Butterfly

by Rodrigo

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0

Probably nothing. A large proportion of people wasting their time on this nonsense see black and blue. So I see no reason to assume that your ability to see the black and blue is down to skills, talent or training. There is no statistical evidence to suggest that your time as a photographer has anything to do with it. I don't see why a background of taking ...


0

The Spyder 3 Elite has a built in ambient light sensor which will measure the colour and can tell you what white point to use, you can then set your screen to match that and then run the calibration process. The manual should explain how to use/enable that feature since you've paid for it.


1

Photographers are probably better trained to see colors. In this documentary: http://www.dailymotion.com/video/xl7cgq_horizon-do-you-see-what-i-see-part-2-4_shortfilms a completely colorblind photographer who can only see black and white explains how she can still perceive colors. Also as pointed out in part 3: ...


3

The image has an obvious yellow colour cast. If i wanted to correct it, i'd put the eyedropper on the white flecks on the fabric in the lower left, which results in a blue/black dress. If we wanted to pull the blue tinge to a shade of white, we'd have to increase the yellow, and the image would look completely unnatural and clipped. So, no, there is no ...


1

Viewing these three images side by side from this article makes it fairly obvious what is going on with the viral photo.


1

If you want your monitor to show how the colors will appear in a properly calibrated print, then you need to set the white point to D50 (full spectrum centered at 5,000K) and view the monitor in a glare free environment with D50 lighting at around 2,000 lux. If the lighting environment in which you are viewing the monitor is different than D50, you should ...


4

To me the image appears white with a bluish tint (perhaps even a light baby blue) and the gold. or brown. It just won't read as black no matter how hard I try to convince myself. I think its the black object behind it that makes it never go there for me. I can't reconcile the deeper blue of the actual dress with the slight blue cast in the image. It reads ...


4

As a photographer, I understand both what I see (blue) and the likelihood that others don't "see" exactly what I see, for any number of reasons -- especially if you allow for different photos of the same subject taken under different lighting conditions and/or different white balance settings. If anything, I have a (completely unsubstantiated) belief that ...


0

Do I see the ambiguity? I can understand it, having been exposed to many images where white objects are rendered with a blue cast, just like everyone else... but I can't honestly say that I can see the blue of the dress as being caused by that, even if I try. There are just too many other visual cues in the image that contradict that impression, I guess. ...


6

My monitor is calibrated (less than a month ago). I see the white/gold dress, but the highlights on the white piping have a blue tinge to me. However I have seen pics of the (supposedly) original dress, and it is a deep blue and black. To me, the only way I can reconcile this pic, and the pic of the actual dress is that if this pic was taken with a really ...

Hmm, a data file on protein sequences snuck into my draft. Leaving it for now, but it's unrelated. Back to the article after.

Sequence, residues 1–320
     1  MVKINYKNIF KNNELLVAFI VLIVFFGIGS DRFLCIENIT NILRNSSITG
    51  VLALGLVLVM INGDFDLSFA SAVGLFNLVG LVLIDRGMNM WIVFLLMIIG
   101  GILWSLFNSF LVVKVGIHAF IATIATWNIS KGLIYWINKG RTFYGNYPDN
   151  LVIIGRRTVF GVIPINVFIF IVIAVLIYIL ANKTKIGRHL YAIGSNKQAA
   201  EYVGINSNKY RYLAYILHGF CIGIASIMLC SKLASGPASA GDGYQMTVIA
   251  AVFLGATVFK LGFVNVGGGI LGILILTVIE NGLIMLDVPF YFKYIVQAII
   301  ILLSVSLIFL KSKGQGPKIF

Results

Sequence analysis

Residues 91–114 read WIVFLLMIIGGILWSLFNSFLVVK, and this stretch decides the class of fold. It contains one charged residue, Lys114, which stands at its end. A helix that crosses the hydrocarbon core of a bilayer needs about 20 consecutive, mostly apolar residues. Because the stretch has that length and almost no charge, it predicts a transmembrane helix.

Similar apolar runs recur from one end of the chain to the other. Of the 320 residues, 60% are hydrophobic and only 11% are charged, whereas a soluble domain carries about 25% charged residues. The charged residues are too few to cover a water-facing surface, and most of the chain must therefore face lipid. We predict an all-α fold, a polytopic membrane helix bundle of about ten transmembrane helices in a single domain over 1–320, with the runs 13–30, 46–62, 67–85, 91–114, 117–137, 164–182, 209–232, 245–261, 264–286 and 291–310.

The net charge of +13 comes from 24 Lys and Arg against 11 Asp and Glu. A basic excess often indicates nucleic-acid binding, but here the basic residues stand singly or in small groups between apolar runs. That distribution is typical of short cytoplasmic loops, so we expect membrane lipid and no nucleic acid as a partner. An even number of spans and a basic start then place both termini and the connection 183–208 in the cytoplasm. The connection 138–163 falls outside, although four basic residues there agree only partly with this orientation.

2

I see the colors as blue-gray with a bit of magenta and a sort of khaki. If I should guess what is the original color of the dress, my answer would be that it is more likely gold-(off)white than black-blue due to the presence of darker color at the bottom left and some other clues. Is it that my years of experience with digital photography and ...


-3

I will explain a little further theese questions: Is the green I see the same as the green you see? Eyes see things in diferent ways, it is not a mechanical or universal process. Our eyes recalibrate depending on lighting conditions. The white balance process ocurs in our retina all the time. If you want a live experiment on how the retina change this ...


4

Our eyes and brain do things on a daily basis that make LSD's effects seem relatively tame. One of the things our brains do is a color balancing activity of their own. No one knows why for certain, but its theorized we do it so that it would be easier to track prey as they dodge in and out of shadows (prey reflect the blue sky while in the shadow, so they ...


-2

Electronics and the human mind are different things. As already mentioned, our eyes adjust the lighting/scene for us. Light, in physics, are wavelengths. In wavelengths are different frequencies. These different frequencies determine the colour. Below is a very simplified example of the relationship between colours and wavelengths: From: ...


1

Why do we 'correct' this by distorting the values according to the light source?] Because your visual system responds to relative changes in the intensities of different colors, whereas the camera sensor records absolute intensities. If you stand under a sodium streetlight for a while, you get used to that light being "white" even though it's quite a ...


1

The general answer to what you're wondering about is that there's a big difference between the simple photometric scene recorded by our eyes or a camera, and the results of filtering this raw data through human perception processes. One human perceptual phenomenon that might be closely related to what you're asking about may be this one, whereby even the ...


0

[Looking into how auto-white balance affects RAW image files]. As to how white balance can affect exposure, check out an additive color wheel and the sliders in Adobe Lightroom. As you adjust "temp" you're shifting across the color wheel yellow-to-blue, with white in the center. Same with "tint" but you're shifting across green-to-magenta, again with white ...



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